YC will be setting for Arnold speech
Gov. Arnold Schwarzenegger will be in Yuba City tomorrow to deliver a water policy speech focusing on the Strategic Plan he unveiled last month.
His visit is part of Water Week, during which he and water officials will highlight flood-control infrastructure upgrades.
Schwarzenegger will address the annual meeting of the Northern California Water
Association at 2 p.m. at the Bonanza Inn.
The Department of Water Resources kicked off the week Tuesday when DWR Director Lester Snow talked about the California Water Plan.
The plan is meant to help legislators and water managers shape the state's water future. It includes information about water supply and possible future needs.
State Sen. Sam Aanestad, R-Grass Valley, primary author of Schwarzenegger's strategy to improve levees and flood control - will also speak at Thursday's event.
“We're both committed to delivering a bond that will protect Northern California communities for generations to come and also result in additional water supplies that will benefit all residents of this state,” Aanestad said in a statement.
Aanestad's proposed $3 billion water bond - the Flood Protection and Clean, Safe, Reliable Water Supply Bond and Financing Act of 2006 & 2010 - includes nearly $1 billion for flood control and preparation for new water storage facilities. The plan will be on the June ballot.
“The governor's attendance at this event shows his commitment to flood control projects and additional water storage for California,” Aanestad said.
Reservoir projects for the Sacramento and San Joaquin river drainage areas are included in Aanestad's proposal.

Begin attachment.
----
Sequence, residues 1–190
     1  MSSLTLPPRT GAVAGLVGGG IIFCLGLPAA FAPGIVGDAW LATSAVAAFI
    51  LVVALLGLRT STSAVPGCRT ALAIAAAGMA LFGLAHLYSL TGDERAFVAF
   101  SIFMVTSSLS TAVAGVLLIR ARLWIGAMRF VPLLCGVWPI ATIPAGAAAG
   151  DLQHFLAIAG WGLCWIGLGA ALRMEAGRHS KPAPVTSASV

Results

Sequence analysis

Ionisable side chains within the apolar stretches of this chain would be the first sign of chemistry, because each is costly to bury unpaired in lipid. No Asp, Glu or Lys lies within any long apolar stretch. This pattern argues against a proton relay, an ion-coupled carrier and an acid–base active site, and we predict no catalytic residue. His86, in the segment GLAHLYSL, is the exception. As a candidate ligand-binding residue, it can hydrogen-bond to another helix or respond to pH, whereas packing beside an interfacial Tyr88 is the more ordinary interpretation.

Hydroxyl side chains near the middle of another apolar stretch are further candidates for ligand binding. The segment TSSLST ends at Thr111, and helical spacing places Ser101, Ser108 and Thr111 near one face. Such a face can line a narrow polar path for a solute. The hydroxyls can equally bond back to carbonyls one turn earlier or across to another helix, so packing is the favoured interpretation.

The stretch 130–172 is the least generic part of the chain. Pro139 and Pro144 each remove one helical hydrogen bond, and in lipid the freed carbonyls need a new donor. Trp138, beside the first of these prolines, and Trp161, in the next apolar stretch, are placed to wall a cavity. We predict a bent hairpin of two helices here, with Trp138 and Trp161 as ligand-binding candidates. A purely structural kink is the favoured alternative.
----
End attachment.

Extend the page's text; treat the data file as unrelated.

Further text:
State and federal planners have been studying five possible water-storage projects, including the Sites Reservoir. Located about 10 miles west of Maxwell, the dam would hold up to 1.8 million acre-feet of water and engulf most of Colusa County's Antelope Valley.
Surface storage will help deal with California's growing demand for water, climate change and other problems, Snow said.
Climate change means less snowpack and more precipitation for Northern California. Surface storage will help capture the water California has come to rely on, historically, in the form of spring snowpack melt.
Climatologists maintain the trend toward rain and away from snow also is making Mid-Valley communities more flood prone.
Aanestad said the state needs new flood control measures to avoid a Hurricane Katrina-like disaster in California.
“We're already 20 years behind on flood control efforts in California,” Aanestad said. “The governor wants to reassure Northern California water interests that he understands their concerns and is prepared to take concrete action.”
Appeal-Democrat reporter Eve Hightower can be reached at 749-4724. You may e-mail her at email@example.com.